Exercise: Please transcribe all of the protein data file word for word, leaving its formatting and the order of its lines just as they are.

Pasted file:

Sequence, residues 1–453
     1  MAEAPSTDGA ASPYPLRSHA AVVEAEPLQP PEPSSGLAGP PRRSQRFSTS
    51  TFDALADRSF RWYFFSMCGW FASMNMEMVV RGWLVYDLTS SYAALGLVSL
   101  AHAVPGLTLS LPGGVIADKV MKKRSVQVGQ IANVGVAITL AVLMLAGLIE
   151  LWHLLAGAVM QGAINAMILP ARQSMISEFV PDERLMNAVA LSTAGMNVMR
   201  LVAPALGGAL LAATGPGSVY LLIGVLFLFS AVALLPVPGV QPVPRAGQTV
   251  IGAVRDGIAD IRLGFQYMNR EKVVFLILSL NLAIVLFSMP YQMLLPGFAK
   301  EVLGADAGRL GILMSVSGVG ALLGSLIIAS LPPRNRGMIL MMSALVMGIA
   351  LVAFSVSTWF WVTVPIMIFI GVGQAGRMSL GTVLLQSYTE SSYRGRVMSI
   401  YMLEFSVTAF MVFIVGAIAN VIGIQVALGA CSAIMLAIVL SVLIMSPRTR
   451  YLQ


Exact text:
Sequence, residues 1–453
     1  MAEAPSTDGA ASPYPLRSHA AVVEAEPLQP PEPSSGLAGP PRRSQRFSTS
    51  TFDALADRSF RWYFFSMCGW FASMNMEMVV RGWLVYDLTS SYAALGLVSL
   101  AHAVPGLTLS LPGGVIADKV MKKRSVQVGQ IANVGVAITL AVLMLAGLIE
   151  LWHLLAGAVM QGAINAMILP ARQSMISEFV PDERLMNAVA LSTAGMNVMR
   201  LVAPALGGAL LAATGPGSVY LLIGVLFLFS AVALLPVPGV QPVPRAGQTV
   251  IGAVRDGIAD IRLGFQYMNR EKVVFLILSL NLAIVLFSMP YQMLLPGFAK
   301  EVLGADAGRL GILMSVSGVG ALLGSLIIAS LPPRNRGMIL MMSALVMGIA
   351  LVAFSVSTWF WVTVPIMIFI GVGQAGRMSL GTVLLQSYTE SSYRGRVMSI
   401  YMLEFSVTAF MVFIVGAIAN VIGIQVALGA CSAIMLAIVL SVLIMSPRTR
   451  YLQ